"Whoever shuts their ears to the cry of the poor will also cry out and not be answered." Proverbs 21.13
While the media obsesses about President Trump's antics, the people of France and Italy are grappling with the ravages of Storm Alex. Over the weekend you would have thought that the only newsworthy event in the world was the bizarre attempt by the Whitehouse to make a virtue out of a medical emergency. Meanwhile the colossal damage and risk to life being suffered by our neighbours in France and Italy never made the headlines.
This distasteful juxtaposition - of what gets reported and what doesn't - is a reminder of the influence of the media. We react to what we see and hear. When it comes to reporting news, whether private or public, broadcasters have a significant responsibility because of the trust we place in them to keep us informed. This information is the basis for our response: in prayer, in action, in simply being aware. And so that places us in a dependent relationship to the news media: we relay on them to feed us a balanced, inclusive and objective diet of local and world news.
The trouble is that, like so much else in society, even the news media has been subjected to the tyranny of entertainment. Broadcasters have become celebrities and algorithms determine which news stories will satisfy our tastes. The result is that there are large swathes of ignorance in general awareness and, where there is reporting, it often delivers a distorted impression of what is actually happening.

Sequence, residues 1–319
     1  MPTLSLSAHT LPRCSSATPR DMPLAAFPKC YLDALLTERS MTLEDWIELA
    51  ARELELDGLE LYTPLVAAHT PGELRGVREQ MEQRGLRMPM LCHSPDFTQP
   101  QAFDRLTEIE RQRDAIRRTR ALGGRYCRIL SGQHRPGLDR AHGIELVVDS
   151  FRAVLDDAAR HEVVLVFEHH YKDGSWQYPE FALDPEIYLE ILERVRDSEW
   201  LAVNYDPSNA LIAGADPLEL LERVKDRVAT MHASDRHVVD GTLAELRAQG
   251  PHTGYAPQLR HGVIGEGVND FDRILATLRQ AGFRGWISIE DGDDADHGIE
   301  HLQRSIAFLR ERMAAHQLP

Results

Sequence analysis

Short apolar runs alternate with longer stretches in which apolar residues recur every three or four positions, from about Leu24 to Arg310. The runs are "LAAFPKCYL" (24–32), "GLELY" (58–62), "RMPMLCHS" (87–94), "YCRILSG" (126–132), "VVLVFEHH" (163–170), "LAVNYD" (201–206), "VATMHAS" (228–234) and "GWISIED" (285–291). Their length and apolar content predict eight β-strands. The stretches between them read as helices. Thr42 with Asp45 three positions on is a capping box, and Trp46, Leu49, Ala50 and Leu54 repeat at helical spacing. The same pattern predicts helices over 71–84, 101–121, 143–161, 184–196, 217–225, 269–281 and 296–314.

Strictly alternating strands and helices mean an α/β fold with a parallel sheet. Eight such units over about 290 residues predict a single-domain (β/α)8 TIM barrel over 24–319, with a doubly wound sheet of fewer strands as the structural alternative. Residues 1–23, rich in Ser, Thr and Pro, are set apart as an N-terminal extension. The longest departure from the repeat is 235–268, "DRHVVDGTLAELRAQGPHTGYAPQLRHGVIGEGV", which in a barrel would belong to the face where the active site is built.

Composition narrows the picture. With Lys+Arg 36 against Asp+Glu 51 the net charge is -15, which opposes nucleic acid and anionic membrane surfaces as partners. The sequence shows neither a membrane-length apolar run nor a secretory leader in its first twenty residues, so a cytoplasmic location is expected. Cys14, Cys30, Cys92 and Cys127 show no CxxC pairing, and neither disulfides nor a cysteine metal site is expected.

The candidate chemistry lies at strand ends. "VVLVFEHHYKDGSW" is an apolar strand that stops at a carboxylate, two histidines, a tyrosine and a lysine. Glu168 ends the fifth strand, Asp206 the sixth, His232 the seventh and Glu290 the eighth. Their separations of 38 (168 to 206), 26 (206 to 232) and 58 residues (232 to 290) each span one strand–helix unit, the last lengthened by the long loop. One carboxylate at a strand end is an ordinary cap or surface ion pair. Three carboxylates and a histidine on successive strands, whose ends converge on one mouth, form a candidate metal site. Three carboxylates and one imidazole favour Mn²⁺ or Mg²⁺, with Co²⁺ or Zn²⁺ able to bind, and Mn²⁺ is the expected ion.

The warning from Proverbs reminds us that ignorance is not an excuse for inactivity, when it comes to helping those in need. But in an age of misinformation, how are we to hear? The obvious solution is to go and find out for ourselves. Yet all sorts of covid- and environmentally-related reasons render that impractical. On the one hand we need a public broadcaster we can trust: both for content and for accuracy. On the other hand we can also seize the initiative and cultivate our own networks of information - by keeping in touch with relatives, friends and contacts around the country and around the world. We can pay closer attention to the prayer guides and information leaflets which accompany the mailings we receive from our favourite charities.
God cares enough to have sent his son and to abide with us in the person of the Holy Spirit. Our faithful response is to embrace his initiative and to pay attention...